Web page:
To walk humbly is to know one another intimately. To walk humbly is to wake up to the needs of our neighbors. To walk humbly is not to philosophically respond to an issue or a theory, but rather to depend on God in the messy, gritty, mundane, dirty details. It is not turning away when someone else is hurting or being too busy or apathetic. To walk humbly is learn about our neighbors.
For so many of us, Mister Rogers formatively shaped the a modern and yet biblical concept of loving our neighborhood. Whether we watched Mister Rogers ourselves or showed it to our children, he shaped our understanding humbly learning and meeting our neighbors. From racial integration to national tragedy, the land of make believe to special needs children, each neighbor received the invitation of to be and to love in return.
As I watched the documentary, “Won’t You be My Neighbor,” cultural icon and ordained Presbyterian minister reminded us: “The only thing that ever really changes the world is when someone gets the idea that love can abound and can be shared.” Mr. Rogers (2). Like Micah, we hear the stories of our neighbors and respond. With justice, kindness, and humility. How is God calling you to take on love this Lent? I invite you to join me to take on love with Praying Hands and Acting Feet. Each week, I will share a prayer for us to pray together and an action for congregation to share in together.
Consider your action for this week to be picking up a bag to fill to feed those in our community who we serve in our emergency food pantry. This supplements programs like Getting Ahead as well as our neighbors who struggle from month or month.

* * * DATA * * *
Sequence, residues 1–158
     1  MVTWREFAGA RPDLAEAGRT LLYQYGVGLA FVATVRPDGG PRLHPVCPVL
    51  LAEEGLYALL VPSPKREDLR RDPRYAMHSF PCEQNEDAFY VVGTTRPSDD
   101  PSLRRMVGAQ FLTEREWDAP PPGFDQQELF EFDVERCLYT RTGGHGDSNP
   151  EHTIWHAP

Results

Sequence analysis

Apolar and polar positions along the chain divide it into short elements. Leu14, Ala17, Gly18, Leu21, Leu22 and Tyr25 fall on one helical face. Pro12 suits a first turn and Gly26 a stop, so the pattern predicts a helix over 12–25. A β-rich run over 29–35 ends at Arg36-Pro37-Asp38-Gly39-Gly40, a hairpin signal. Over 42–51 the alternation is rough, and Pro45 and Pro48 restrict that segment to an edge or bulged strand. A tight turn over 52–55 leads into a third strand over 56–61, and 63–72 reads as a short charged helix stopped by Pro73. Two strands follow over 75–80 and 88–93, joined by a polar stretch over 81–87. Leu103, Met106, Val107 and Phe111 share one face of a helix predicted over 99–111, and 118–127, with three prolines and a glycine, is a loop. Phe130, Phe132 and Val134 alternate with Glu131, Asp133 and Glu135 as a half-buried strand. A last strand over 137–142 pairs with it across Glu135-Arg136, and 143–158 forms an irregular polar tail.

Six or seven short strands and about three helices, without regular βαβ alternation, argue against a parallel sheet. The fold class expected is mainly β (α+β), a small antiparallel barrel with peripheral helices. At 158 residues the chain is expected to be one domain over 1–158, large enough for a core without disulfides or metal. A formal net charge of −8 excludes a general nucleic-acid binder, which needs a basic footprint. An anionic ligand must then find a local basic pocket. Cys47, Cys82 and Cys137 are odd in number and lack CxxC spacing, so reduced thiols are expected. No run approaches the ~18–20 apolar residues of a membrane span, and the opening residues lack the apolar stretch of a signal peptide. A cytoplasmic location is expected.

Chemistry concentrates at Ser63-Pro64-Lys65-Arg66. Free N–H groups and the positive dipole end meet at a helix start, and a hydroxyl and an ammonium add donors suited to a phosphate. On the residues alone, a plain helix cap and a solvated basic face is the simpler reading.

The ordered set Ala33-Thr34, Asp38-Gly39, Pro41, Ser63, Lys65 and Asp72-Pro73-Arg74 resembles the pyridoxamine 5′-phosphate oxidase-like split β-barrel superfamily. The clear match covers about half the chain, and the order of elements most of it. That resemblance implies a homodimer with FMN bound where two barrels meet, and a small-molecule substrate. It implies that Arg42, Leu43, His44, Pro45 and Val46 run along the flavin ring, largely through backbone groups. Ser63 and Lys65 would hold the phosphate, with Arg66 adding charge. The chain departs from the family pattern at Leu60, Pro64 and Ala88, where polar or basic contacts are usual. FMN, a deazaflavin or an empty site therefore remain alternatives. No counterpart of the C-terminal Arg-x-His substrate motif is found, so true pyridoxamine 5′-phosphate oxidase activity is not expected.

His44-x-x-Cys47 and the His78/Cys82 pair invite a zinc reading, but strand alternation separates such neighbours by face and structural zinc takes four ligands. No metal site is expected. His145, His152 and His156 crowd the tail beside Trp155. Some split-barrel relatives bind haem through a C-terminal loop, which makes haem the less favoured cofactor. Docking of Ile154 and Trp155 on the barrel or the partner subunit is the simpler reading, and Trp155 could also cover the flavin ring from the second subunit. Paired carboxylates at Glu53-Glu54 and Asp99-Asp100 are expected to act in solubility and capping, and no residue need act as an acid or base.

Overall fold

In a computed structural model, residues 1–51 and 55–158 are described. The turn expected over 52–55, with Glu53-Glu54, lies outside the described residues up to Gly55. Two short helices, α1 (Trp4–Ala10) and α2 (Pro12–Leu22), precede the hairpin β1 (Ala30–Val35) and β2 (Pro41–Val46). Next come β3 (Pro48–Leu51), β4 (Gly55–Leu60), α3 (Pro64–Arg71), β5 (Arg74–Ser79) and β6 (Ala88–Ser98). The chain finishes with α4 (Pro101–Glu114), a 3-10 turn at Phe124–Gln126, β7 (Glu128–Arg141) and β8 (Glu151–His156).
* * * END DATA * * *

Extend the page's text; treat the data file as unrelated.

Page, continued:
Let us close in this Prayer for Hands: Gracious and Giving Lord, You invite us to your table and into the journey of these 40 days of Lent. You call us to taste your goodness and be fed. For those of us who are hungry, O God, give us bread. For those who have enough, move us to share with others as well as to hunger and thirst for justice. Through Jesus, the Bread of Life, we pray, Amen.
(1) Rasmus, Rudy. Touch: Pressing Against the Wounds of A Broken World, 2007.
(2) “Won’t You Be My Neighbor” movie 2018
Old Testament Lesson: Micah 6:6-8
With what shall I come before the Lord, and bow myself before God on high?
Shall I come before him with burnt offerings, with calves a year old?
Will the Lord be pleased with thousands of rams,
with ten thousands of rivers of oil?
Shall I give my firstborn for my transgression,
the fruit of my body for the sin of my soul?”
He has told you, O mortal, what is good;
and what does the Lord require of you
but to do justice, and to love kindness,
and to walk humbly with your God?
Gospel Lesson: Matthew 7:7-12
“Ask, and it will be given you; search, and you will find; knock, and the door will be opened for you. For everyone who asks receives, and everyone who searches finds, and for everyone who knocks, the door will be opened. Is there anyone among you who, if your child asks for bread, will give a stone? Or if the child asks for a fish, will give a snake? If you then, who are evil, know how to give good gifts to your children, how much more will your Father in heaven give good things to those who ask him!”